Kidnapped Venezuelan journalist Nairobi Pinto freed after one-week

April 14, 2014 | By | Reply More

Apr 14, – A senior journalist at Venezuela’s Globovisión TV station kidnapped eight days ago has been released and is “safe and sound,” the channel confirmed to the Anadolu Agency Monday.

hromedia Kidnapped Venezuelan journalist Nairobi Pinto freed after one-week intl. news2Douglas Rico, deputy director of Venezuela’s Criminal Investigations Police, tweeted earlier Monday that Nairobi Pinto, 32, was “with police,” and officials later confirmed that she had been found in the town of Cúa, some 60 kilometers to the south of Caracas.

Pinto, who is assignment editor for the news channel, was kidnapped outside her Caracas home by masked gunmen on April 6, and the journalist’s disappearance has rarely been out of local headlines since.

Globovisión TV was long a vehement critic of the government, but was taken over in 2013 by owners with links to the ruling Socialist government and President Nicolás Maduro, local media say.

Speaking at a hastily-arranged press conference alongside the country’s Interior Minister Miguel Rodríguez Torres, Pinto gave scant details of the kidnapping as the investigation was ongoing, according to the NTN24 news channel.

“It’s not easy to be here, talking to you first before my family,” Pinto said, describing her ordeal as a “nightmare” and adding her captors had been reading her news of the kidnap.

Composed but visibly exhausted, Pinto said her captors, who she identified as Venezuelan, had not mistreated her and she had been given “three meals a day.” She thanked everyone for their support.

Torres confirmed there had been ransom demands but he “did not want to speculate on reasons behind the kidnapping.” Pinto now had the protection she required, he said.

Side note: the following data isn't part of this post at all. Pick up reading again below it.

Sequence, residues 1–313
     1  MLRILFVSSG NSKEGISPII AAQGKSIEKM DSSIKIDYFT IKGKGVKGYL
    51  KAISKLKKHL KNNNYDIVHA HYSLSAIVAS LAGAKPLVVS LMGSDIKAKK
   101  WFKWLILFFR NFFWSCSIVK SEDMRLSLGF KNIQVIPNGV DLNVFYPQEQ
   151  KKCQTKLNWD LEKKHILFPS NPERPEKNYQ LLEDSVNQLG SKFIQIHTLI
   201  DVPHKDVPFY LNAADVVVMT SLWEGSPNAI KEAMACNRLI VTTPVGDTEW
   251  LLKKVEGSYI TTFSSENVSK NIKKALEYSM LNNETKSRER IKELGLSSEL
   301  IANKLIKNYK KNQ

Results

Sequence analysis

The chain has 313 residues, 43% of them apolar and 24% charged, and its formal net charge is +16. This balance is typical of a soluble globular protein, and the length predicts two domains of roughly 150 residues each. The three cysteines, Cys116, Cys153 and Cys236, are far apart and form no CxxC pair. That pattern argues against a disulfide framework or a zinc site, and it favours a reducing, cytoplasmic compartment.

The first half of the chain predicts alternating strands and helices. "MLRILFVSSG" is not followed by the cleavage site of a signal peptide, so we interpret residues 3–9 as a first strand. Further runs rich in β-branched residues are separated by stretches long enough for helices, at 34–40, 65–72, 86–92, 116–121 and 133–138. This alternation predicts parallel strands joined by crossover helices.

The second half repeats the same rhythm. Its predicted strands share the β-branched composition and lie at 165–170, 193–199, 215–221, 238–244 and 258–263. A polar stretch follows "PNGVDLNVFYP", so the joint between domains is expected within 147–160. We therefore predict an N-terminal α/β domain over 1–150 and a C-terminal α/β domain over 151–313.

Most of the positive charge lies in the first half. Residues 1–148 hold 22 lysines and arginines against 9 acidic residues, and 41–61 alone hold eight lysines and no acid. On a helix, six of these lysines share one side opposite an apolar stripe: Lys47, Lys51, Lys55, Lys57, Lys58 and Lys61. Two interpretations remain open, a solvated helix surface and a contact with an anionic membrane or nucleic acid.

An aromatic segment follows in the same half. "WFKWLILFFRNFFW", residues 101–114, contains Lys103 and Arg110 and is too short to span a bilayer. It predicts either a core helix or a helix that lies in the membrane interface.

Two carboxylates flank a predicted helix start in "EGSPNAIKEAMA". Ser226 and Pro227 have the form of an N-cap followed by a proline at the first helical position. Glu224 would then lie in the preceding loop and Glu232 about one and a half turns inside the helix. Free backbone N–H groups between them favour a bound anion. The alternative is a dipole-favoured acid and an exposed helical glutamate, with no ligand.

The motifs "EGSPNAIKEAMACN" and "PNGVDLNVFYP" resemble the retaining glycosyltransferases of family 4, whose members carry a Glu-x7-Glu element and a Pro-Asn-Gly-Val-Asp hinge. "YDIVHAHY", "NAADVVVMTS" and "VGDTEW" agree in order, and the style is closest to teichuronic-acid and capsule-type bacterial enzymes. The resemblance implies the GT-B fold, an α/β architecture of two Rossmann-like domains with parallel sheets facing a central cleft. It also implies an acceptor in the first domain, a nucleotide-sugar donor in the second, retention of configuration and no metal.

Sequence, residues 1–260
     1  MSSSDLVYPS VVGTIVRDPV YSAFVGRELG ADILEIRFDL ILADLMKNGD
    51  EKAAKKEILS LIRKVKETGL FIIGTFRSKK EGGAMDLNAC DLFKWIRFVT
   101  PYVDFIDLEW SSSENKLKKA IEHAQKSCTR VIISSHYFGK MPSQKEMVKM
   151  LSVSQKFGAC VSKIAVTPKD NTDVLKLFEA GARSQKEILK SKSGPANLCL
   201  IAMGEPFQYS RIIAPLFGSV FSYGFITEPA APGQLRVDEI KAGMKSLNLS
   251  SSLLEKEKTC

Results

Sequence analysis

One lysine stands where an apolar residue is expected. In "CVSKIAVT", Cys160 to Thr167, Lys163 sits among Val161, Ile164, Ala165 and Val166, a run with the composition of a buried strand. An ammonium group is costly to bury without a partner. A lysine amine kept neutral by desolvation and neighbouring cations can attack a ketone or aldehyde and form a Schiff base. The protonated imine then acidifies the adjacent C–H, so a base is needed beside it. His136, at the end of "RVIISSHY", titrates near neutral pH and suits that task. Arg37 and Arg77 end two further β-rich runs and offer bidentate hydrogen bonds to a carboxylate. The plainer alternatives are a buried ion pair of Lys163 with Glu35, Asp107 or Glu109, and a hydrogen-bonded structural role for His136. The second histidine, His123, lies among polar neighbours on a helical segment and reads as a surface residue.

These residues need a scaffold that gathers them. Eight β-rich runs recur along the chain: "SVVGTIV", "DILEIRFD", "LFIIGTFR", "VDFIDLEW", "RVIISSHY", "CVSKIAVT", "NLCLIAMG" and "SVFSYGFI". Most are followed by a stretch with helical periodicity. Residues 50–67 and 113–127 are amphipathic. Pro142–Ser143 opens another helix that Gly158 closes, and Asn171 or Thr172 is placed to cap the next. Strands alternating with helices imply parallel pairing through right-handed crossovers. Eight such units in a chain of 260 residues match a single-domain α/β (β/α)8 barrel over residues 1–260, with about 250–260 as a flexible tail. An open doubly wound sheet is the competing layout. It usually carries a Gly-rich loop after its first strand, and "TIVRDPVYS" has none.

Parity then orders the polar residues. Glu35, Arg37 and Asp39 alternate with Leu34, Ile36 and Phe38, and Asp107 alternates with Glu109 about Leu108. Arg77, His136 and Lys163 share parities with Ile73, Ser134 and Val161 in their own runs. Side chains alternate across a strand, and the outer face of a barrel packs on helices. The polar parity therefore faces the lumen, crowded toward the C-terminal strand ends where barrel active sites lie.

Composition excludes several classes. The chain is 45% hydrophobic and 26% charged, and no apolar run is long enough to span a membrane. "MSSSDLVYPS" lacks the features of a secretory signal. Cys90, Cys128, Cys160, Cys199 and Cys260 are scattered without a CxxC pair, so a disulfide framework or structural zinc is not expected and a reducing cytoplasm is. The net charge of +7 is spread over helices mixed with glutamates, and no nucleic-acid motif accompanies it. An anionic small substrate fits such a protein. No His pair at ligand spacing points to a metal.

Some 2,500 police staff had been looking for the kidnapped journalist, the minister said.

A Globovisión reporter at the press conference told AA that Pinto would now rejoin her family and recuperate.

– Fresh concerns over crime-

Pinto’s family had made several impassioned pleas for her release and colleagues have held regular vigils and marches since the kidnap.

The case has reignited debate over the level of crime in the country – one of the main grievances of protesters involved in over two months of anti-government demonstrations. The protests led to violent unrest in a number of Venezuelan cities and has left at least 40 people dead.

The United Nations last week revealed that Venezuela had the second-worst murder rate in the world, although President Maduro has said that the country is tackling the issue.

Kidnappings are not uncommon in Venezuela and are usually used for extortion. Most people are released unharmed once kidnappers’ demands are met. However, some cases have ended in deaths and disappearances.

Some more high-profile cases have involved international diplomats, as well as business and sports figures.

Press journalist for HRO Media – Norberto Lluch contributed to this report.

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Category: International

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